KIRKLAND, Wash. -- As Kenworth celebrates its 90th anniversary, the truck maker took time recently to recognize the truck restorations completed by a couple of its biggest Canadian fans.
Highlighted in a recent release were Gord Cooper of Calgary, Alta., who restored a 1935 Kenworth Model 89 and Pierre Aubin of Ste.-Catherine, Que., who brought a 1986 K100 back to life.
Cooper came across his Model 89 at the 1992 American Truck Historical Society (ATHS) Antique Truck Show in Vancouver, Wash. He noticed the three-ton single drive axle flatbed truck still ran with its original 65-hp gas engine, four-speed manual transmission, two-speed Brown-Lipe auxiliary transmission and Timken two-speed rear axle. However, the wood frame cab and exterior were in poor shape.
“It had been repainted an ugly utility orange colour, but I still fell in love with it,” Cooper said. He bought the truck from Pat Stump of Yakima, Wash., who found it sitting abandoned in the corner of a field near Yakima with a layer of Mount St. Helens ash still covering its dashboard and much of its interior. With help of his friends in the Pioneer Chapter of the American Truck Historical Society, Cooper finished the restoration, complete with a rebuilt stakebed.
Since then, Cooper has restored a number of Kenworth trucks, including a 1957 Kenworth 923 conventional, which was featured in the Kenworth Truck Company’s 75th Anniversary in 1998. The Kenworth 923 also served as the bridal carriage in three weddings, including his own wedding and the wedding of his daughter. He’s currently restoring a 1926 Kenworth Model OL.
“I have been a die-hard Kenworth fan for most of my life,” said Cooper, who owns and operates O.C.E.A.N. Hauling and Hotshot, a light oilfield hauling company based in Calgary. His company runs several Kenworths including a 2003 tri-drive Kenworth T800 with a 15-ton hydraulic picker.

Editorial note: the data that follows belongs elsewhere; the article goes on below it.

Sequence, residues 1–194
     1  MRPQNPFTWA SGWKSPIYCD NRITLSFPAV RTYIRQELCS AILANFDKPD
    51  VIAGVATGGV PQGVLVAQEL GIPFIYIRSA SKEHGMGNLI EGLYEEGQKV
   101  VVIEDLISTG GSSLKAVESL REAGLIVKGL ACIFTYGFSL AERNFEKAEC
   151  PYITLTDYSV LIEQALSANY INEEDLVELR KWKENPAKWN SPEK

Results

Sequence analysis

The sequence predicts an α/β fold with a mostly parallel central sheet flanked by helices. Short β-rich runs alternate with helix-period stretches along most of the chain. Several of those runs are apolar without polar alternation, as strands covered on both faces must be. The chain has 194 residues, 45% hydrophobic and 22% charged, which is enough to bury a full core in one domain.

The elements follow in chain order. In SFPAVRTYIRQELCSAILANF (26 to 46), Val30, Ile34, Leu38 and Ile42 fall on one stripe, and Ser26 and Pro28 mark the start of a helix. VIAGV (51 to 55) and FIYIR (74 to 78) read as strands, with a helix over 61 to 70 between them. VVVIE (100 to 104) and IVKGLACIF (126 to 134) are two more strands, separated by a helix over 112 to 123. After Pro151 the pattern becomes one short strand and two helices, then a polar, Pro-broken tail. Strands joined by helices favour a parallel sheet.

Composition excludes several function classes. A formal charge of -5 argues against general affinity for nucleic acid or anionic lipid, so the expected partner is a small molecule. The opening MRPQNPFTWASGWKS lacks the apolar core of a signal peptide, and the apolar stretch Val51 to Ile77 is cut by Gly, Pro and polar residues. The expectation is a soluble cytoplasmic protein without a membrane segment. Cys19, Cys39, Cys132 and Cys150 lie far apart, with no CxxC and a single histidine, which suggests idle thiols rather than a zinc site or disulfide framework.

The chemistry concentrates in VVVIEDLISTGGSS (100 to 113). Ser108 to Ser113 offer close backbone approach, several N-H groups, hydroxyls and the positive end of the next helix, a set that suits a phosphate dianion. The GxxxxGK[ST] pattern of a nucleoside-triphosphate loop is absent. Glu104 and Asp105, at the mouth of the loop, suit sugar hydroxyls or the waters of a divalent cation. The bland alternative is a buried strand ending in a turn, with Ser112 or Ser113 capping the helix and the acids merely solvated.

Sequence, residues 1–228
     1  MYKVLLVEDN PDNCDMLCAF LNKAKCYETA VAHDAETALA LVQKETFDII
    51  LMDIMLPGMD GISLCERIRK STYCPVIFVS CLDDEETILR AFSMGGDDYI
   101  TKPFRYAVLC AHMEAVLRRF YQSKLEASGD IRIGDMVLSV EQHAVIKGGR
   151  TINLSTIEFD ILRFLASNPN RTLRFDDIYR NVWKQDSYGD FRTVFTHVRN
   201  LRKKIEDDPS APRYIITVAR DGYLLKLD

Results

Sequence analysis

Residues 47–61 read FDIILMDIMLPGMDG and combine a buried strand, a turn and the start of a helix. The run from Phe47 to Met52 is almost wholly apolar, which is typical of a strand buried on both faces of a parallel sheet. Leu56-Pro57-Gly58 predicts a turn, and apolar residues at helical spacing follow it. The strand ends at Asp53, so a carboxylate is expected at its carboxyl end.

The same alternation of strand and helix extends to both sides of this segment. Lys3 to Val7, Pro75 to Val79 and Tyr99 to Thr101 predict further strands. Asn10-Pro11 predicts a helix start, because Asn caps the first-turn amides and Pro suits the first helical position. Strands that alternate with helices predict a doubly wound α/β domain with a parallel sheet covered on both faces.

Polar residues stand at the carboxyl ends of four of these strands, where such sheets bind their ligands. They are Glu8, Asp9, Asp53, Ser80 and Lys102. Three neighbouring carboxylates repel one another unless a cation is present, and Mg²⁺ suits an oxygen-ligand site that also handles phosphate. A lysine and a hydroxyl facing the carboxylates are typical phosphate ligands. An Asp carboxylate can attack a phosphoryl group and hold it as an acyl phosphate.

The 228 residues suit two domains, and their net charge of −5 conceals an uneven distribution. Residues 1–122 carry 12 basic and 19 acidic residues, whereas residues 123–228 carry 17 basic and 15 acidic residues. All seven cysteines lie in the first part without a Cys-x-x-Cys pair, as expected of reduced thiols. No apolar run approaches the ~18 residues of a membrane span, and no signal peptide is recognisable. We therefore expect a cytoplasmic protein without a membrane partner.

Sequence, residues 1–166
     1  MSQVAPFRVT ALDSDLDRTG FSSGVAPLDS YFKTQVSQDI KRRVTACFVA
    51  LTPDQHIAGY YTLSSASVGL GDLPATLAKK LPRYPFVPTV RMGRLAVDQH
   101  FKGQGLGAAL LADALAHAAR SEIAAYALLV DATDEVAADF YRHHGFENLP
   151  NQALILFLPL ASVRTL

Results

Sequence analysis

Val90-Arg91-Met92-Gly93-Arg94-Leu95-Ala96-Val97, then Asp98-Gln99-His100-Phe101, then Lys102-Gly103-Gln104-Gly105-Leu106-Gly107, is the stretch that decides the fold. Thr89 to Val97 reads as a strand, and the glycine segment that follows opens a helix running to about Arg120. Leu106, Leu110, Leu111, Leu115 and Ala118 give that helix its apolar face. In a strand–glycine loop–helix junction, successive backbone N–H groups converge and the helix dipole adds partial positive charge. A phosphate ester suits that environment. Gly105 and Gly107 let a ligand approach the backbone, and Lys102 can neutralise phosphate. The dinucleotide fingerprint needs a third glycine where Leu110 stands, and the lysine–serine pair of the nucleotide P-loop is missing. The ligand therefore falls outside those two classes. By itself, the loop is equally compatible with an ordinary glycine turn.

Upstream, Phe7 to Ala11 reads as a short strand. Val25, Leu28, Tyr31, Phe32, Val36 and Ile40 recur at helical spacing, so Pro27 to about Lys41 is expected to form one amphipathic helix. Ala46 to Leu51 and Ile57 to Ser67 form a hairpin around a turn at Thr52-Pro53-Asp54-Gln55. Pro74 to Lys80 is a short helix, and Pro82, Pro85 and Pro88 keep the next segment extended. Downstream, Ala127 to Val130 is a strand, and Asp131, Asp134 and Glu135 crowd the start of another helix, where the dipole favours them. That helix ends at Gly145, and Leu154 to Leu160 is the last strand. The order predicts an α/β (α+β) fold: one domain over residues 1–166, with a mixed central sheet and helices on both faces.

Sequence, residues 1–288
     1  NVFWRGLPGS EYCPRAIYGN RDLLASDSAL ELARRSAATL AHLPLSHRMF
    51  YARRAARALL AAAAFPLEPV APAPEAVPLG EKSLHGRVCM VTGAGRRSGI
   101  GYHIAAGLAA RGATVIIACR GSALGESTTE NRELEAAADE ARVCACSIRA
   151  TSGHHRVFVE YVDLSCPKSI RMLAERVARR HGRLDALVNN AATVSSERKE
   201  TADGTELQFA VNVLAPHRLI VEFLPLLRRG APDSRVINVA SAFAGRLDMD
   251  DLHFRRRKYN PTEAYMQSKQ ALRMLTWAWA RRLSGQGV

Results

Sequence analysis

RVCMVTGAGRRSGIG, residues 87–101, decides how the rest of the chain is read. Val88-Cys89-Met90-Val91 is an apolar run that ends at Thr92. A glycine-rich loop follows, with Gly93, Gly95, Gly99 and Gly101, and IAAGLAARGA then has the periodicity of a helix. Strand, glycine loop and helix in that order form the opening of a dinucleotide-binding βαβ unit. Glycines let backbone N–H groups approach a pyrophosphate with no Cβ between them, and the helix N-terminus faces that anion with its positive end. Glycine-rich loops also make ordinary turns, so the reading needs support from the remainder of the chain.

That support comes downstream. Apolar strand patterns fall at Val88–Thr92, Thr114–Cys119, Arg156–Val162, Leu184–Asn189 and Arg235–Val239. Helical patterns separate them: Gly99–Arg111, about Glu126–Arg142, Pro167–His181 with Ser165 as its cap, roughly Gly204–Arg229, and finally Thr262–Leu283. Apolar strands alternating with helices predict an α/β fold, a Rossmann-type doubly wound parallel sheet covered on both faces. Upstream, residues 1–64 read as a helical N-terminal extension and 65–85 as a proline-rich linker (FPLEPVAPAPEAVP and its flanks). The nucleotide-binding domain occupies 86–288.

Equally passionate is Aubin, who has owned five Kenworth K100s throughout the 80s and 90s.
“Over the last two years, I searched for one and with the help of one of my drivers, Luc Lemieux, I found the one I wanted,” Aubin said. “Luc found it in Land-O-Lakes, Fla. The 1986 Kenworth K100 belonged to two brothers, Rick and Ron Judd, who hauled horses to special fairs in the southern states. After I flew to Tampa to take delivery of the truck, Ron told me that there were other people who wanted to buy it, but when he and his brother learned more about my company, they were sure their truck was going to go to a good family.”
Aubin drove it back to Montreal, where he had it refurbished by Francis Thouin, the owner of a local truck body repair shop.
“Francis’s body shop professionals – Alain, Erick and Daniel, worked on that truck,” he said. “They lengthened the frame from 192 inches to 224 inches; took out the 340-hp engine and 13-speed transmission, then repainted and reinstalled them; sandblasted and repainted the cab; and installed new wiring and airlines, among other things. They came up with a truck that looks and feels as good as a brand new one.”
Aubin occasionally takes his refurbished 1986 Kenworth K100 out for short two- or three-day trips.